muscularity" of contemporary American fictional style and to praise Updike as the exception.
14.
Walter Sullivan, " Updike, Spark and Others," Sewanee Review, 74 ( Summer 1966), especially pp. 711-713; and Joseph Epstein, " Mother's Day on the Updike Farm," New Republic, 11 December 1965, pp. 23-26. With fine humor, Epstein thanks Updike for the character of Mrs. Robinson: "If it accomplishes nothing else, Updike's creation of the mother in Of the Farm provides a tremendous service for Jewish mothers everywhere.In effect, it lets them off the hook.... Next to Updike's creation, the mother in Bruce Jay Friedman's novel, A Mother's Kisses, for example, seems like a favorite aunt."
15.
Peter Buitenhuis, " The Mowing of a Meadow," New York Times Book Review, 14 November 1965, pp. 4, 34; Charles Thomas Samuels, " The Question of Updike."
16.
The generally lukewarm response in the British press is illustrated by Robert Taubman's complaint: "Switching from mythology, Updike has contrived a neo-classical tragedy.As before, the point is very largely in the contrivance, and it satisfies so long as nothing else is asked of it. The dazzling exchanges between Joey, his mother and the new wife are best enjoyed for themselves alone.To look for more can hardly fail to raise doubts." See " Updike," New Statesman, 12 August 1966, p. 233.
17.
On the Dick Cavett Show for 15 December 1978, Updike revealed that he often wrote the material for the dust jackets of his books.
18.
See Updike's poem " Leaving Church Early," Tossing and Turning ( New York: Knopf, 1977).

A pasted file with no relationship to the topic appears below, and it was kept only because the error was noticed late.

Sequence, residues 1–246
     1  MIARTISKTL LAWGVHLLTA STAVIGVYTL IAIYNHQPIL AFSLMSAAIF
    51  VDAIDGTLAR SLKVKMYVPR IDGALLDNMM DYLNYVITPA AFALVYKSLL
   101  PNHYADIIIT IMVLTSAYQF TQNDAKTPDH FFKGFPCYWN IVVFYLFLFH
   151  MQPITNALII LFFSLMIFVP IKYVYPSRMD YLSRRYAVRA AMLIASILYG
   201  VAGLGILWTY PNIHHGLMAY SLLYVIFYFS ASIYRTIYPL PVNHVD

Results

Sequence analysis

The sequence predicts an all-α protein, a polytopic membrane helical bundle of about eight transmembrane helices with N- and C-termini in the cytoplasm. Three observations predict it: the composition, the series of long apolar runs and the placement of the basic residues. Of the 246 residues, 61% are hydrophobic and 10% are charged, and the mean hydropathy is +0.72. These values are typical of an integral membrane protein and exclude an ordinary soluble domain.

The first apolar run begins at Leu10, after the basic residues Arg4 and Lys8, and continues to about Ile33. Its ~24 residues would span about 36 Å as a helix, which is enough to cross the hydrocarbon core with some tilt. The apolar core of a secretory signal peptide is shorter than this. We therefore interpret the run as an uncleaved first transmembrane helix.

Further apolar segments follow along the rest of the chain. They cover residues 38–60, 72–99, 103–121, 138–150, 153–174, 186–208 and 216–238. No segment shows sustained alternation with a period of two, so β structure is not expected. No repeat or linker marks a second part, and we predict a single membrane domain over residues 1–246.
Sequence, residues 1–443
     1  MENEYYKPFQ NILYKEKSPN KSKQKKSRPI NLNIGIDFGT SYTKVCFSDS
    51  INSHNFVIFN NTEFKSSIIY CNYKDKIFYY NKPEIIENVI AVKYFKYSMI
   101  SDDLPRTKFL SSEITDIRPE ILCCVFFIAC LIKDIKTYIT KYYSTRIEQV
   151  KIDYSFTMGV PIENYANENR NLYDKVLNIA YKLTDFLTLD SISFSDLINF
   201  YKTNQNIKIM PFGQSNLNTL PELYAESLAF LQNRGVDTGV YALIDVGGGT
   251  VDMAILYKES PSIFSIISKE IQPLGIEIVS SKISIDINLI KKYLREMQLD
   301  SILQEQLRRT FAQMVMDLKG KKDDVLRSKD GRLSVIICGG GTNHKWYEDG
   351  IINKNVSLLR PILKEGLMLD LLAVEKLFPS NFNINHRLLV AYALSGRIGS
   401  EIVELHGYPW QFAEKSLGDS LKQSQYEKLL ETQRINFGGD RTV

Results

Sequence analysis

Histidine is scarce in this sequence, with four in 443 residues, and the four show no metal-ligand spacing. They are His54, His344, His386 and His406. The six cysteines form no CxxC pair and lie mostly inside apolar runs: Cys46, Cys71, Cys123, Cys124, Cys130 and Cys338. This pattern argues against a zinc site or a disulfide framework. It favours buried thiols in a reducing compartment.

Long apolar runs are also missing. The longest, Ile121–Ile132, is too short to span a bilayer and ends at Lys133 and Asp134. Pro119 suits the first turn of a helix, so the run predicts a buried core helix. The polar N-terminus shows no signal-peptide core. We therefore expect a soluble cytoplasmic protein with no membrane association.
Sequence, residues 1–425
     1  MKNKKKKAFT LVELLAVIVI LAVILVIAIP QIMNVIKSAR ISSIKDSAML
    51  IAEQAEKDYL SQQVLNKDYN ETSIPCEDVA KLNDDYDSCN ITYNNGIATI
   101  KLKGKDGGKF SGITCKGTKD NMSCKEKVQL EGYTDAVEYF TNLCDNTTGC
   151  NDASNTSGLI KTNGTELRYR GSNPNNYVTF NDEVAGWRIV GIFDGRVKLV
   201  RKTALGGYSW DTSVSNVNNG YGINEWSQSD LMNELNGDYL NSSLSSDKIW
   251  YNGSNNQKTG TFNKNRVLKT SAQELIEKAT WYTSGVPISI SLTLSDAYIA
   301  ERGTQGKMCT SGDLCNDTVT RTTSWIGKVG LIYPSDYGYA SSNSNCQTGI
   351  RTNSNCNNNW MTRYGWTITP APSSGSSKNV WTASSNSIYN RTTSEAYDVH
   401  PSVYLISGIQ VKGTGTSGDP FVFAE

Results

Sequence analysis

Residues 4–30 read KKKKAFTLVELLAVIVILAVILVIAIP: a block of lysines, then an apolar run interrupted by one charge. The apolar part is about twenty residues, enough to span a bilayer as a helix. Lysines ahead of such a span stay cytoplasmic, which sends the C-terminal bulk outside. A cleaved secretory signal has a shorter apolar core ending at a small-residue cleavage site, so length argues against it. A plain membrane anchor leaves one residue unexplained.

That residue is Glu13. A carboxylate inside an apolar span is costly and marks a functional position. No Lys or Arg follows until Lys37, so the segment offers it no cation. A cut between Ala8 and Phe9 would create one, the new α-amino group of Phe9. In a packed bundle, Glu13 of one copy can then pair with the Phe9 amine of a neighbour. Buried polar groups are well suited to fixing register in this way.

19.
See Updike's short story "The Bulgarian Poetess" in which he expresses a similar idea: "We fall in love, I tried to say in the book, with women who remind us of our first landscape."" The Bulgarian Poetess," The Music School ( New York: Knopf, 1966), p. 229.
20.
Compare Updike's short story " Should Wizard Hit Mommy?," Pigeon Feathers ( New York: Knopf, 1962).
21.
For a similar view, see the following comment by Wesley Kort: "The presence of those remembered lives forms the answer to death which the minister in this book refers to as 'the concrete reality of Christ.' For the point at which religion and art join in Updike's work is where these portraits of recall move out to that all-important resurrected presence, and the art becomes a sacrament."; " A Confession of Debt," The Christian Century, 19 January 1966, p. 82.
22.
But see Buitenhuis who argues that the tension is resolved affirmatively.
23.
Samuels, John Updike, p. 154. See also Updike's introduction to what was to have been the Czech edition of Of the Farm, Picked-Up Pieces ( New York: Knopf, 1975), pp. 82-83: "The underlying thematic transaction, as I conceived it, was the mutual forgiveness of mother and son, the acceptance each of the other's guilt in taking what they had wanted, to the discomfort, respectively, of the dead father and the divorced wife."

-140-

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John Updike's Novels
Table of contents

Table of contents

  • John Updike's Novels *
  • Table of Contents vii
  • Acknowledgments viii
  • Preface ix
  • Created Landscapes - The Poorhouse Fair (1959) the Coup (1978) *
  • The Poorhouse Fair *
  • The Coup 28
  • Why Rabbit Should Keep on Running - Rabbit, Run (1960) Rabbit Redux (1971) Rabbit Is Rich (1981) *
  • Rabbit, Run *
  • Rabbit Redux 64
  • Rabbit Is Rich 84
  • Home - The Centaur (1963) of the Farm (1965) 100
  • The Centaur *
  • Of the Farm 121
  • Faltering toward Divorce - Couples (1968) a Month of Sundays (1975) Marry Me: a Romance (1976) 140
  • Couples *
  • A Month of Sundays 163
  • Marry Me: A Romance 184
  • Bech: A Conclusion - Bech: a Book 200
  • Bech: A Book *
  • Selected Checklist of John Updike's Novels 212
  • Index 217
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